This is a very strange jobs report from the Labor Department. The economy gained a paltry 36,000 jobs in January according to the report, which is far below expectations and a real disaster for the economy. Nevertheless, the topline unemployment rate fell 0.4% to 9.0%.
How does this happen? Well, January is always a month when the establishment survey gets revised. New population estimates get incorporated into the survey, and the seasonal adjustment factors get updated. So there is a difference in the January survey of 600,000 less unemployed people; that number is down to 13.9 million according to the BLS (Bureau of Labor Statistics).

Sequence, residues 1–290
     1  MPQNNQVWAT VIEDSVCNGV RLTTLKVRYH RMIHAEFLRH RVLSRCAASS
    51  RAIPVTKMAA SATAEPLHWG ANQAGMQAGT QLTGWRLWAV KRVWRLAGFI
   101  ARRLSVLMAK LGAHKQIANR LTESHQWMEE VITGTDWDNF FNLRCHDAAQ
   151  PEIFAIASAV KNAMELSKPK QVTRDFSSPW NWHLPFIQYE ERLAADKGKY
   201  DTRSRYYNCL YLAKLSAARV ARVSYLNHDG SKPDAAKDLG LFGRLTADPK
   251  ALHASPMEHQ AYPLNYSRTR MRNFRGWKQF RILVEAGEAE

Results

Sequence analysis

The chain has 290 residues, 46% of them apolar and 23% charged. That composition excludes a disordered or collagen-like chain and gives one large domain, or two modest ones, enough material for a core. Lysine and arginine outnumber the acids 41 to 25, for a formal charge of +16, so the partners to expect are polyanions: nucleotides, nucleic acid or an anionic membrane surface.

Does this mean that those people got a job in this month? Not really. The employment/ population ratio rose slightly to 58.4%, and the labor force participation rate declined to 64.2%, the lowest rate since the early 1980s. Basically, the drop in the topline unemployment rate is entirely due to changes in the total population estimates and other adjustments.
The unemployment rate was 9.8% two months ago, and now it sits at 9.0% with very few jobs gained. The monthly revisions for November and December went up, with +93,000 in November and +121,000 in December. But those are underwhelming numbers, and January is even worse. Don’t be fooled by that topline number.
What’s likely to happen in the next few months is that job growth may accelerate (some are blaming the weather for the anemic job growth in January) but that topline rate will increase as well.